Airdate: Aug 04, 2009
Scientist: Adina Paytan
Kids' Science Challenge: Claire - Importance
There's an important water quality study underway, and the lead investigator is a third-grader.
AP: â€œSo what kind of scientist do you want to be when you grow up?â€
CD: â€œActually, I really want to be a water scientist.â€
Not only has third-grader Claire Dworsky honed in on a possible career in water science, sheâ€™s already making waves in the field. Iâ€™m Jim Metzner and this is the Pulse of the Planet. Claire is one of the winners of the Kidsâ€™ Science Challenge, our nationwide competition for 3rd to 6th graders. Sheâ€™s launched an ambitious research project investigating the environmental impact of different types of soccer fields. By testing the water runoff from both grass and artificial turf fields, she intends to identify which field is kinder to the environment. UC Santa Cruz Oceanographer Adina Paytan is directing the research .
CD: â€œIâ€™m here to take some samples to test the water off some grass and turf fields to see if there are any pollutants inside.â€
AP: â€œClaire, I think what youâ€™re doing is really, really important, because I think we need to understand how this is influencing us, in many ways: one thing could be if weâ€™re breathing little particles that come out the turf fields, or if weâ€™re going to drink groundwater that may be polluted from the grass fields.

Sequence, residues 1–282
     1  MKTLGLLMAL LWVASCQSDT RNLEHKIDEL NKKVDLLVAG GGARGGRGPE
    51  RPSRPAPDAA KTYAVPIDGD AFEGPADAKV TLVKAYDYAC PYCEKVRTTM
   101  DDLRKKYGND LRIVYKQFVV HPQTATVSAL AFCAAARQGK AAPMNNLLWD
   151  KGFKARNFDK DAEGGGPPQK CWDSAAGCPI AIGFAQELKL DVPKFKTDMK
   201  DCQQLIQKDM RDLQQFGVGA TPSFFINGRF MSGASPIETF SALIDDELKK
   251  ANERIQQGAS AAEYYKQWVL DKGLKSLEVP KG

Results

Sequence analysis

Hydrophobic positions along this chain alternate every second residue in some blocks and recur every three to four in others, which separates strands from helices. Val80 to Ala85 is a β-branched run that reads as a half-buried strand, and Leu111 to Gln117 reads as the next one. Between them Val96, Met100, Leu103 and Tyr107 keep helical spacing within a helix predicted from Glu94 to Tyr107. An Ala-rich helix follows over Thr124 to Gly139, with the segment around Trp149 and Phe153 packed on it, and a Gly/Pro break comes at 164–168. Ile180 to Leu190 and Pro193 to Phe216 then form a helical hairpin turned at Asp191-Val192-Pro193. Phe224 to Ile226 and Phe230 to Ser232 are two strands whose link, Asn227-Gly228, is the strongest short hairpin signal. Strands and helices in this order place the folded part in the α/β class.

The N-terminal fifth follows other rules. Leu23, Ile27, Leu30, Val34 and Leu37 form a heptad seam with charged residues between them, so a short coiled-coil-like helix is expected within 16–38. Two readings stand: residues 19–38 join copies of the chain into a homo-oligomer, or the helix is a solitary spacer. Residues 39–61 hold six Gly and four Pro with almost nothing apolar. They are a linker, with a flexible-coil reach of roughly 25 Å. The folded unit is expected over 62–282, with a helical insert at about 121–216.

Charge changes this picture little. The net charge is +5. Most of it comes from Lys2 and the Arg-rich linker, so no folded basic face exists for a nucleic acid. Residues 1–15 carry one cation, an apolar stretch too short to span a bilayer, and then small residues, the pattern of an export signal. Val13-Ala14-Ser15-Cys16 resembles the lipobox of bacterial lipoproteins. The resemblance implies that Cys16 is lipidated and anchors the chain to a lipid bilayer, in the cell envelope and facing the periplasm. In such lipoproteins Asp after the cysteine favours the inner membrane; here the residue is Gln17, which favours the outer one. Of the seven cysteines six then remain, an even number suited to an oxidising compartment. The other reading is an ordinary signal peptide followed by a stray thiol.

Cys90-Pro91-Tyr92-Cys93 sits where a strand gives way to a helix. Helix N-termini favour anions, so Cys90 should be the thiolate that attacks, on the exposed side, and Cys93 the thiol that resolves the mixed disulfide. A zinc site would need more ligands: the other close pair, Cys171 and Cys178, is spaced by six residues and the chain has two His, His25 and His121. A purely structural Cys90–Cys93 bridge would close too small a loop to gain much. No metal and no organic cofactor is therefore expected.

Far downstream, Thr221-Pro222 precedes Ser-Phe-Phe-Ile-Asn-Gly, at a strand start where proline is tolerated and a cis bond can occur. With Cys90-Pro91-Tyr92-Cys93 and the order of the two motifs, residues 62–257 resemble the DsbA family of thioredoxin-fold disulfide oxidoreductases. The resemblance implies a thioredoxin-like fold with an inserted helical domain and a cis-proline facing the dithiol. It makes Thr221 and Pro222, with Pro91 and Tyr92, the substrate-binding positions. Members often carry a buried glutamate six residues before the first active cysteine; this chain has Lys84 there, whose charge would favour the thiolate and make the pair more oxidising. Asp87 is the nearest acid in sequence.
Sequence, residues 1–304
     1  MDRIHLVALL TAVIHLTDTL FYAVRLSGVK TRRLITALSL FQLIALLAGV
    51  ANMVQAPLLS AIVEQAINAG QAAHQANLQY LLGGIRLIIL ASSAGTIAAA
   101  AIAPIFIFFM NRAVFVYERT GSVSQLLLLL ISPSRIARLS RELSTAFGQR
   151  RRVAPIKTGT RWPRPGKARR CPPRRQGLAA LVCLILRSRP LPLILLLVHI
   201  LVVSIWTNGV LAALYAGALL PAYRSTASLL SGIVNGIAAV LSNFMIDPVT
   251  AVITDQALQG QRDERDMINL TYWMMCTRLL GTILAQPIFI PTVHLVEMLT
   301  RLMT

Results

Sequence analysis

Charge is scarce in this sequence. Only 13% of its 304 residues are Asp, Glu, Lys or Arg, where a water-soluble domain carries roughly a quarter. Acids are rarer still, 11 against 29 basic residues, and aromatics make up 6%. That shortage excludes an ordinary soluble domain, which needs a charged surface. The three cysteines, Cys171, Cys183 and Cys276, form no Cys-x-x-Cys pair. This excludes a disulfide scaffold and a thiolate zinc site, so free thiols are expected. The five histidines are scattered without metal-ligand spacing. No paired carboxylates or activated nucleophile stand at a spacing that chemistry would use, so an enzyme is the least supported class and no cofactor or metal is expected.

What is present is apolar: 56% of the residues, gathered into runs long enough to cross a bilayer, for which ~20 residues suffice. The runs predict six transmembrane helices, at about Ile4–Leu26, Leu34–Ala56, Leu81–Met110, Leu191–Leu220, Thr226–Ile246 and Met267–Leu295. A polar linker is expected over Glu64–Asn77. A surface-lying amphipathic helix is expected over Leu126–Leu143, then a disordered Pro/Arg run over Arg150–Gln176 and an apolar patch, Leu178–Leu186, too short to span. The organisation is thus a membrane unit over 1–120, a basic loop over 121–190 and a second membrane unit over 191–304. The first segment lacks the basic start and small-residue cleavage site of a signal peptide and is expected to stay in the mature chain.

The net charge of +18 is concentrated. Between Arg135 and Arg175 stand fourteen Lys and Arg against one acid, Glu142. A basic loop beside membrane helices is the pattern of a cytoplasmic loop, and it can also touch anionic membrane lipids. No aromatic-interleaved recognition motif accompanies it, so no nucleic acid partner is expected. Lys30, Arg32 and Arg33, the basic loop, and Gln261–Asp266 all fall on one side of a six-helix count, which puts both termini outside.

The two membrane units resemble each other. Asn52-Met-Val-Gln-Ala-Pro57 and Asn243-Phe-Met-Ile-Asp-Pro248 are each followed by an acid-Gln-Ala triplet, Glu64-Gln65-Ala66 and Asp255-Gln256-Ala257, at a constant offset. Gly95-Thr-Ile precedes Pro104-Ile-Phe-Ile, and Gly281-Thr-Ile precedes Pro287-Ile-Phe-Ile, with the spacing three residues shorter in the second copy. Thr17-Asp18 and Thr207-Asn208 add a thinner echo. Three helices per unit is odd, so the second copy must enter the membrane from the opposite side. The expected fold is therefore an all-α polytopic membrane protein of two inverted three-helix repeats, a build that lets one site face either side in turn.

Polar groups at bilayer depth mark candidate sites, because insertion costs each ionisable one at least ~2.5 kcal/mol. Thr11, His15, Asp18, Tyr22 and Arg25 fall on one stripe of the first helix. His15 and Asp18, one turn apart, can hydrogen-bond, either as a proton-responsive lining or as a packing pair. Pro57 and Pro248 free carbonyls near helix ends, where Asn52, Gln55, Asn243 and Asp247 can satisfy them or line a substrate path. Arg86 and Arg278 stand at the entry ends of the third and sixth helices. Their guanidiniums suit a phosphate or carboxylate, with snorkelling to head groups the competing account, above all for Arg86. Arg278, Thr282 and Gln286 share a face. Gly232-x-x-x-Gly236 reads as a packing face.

CD: â€œThe water can go inside the sewers, then it will go into the ocean, there might be some pollutantsâ€
AP: â€œSo if weâ€™re having these fields we want to make sure that theyâ€™re safe for the people that are playing there, but also that theyâ€™re good for the environment. These are things that we want to consider when the city makes a decision on how many turf or grass fields to put in.â€
Adina Paytan and Claire Dworsky are testing over 100 water samples in what has become one of the most comprehensive studies of its kind. To follow their progress, go to kidsciencechallenge.com.
Pulse of the Planetâ€™s Kidsâ€™ Science Challenge is made possible by the National Science Foundation. Iâ€™m Jim Metzner.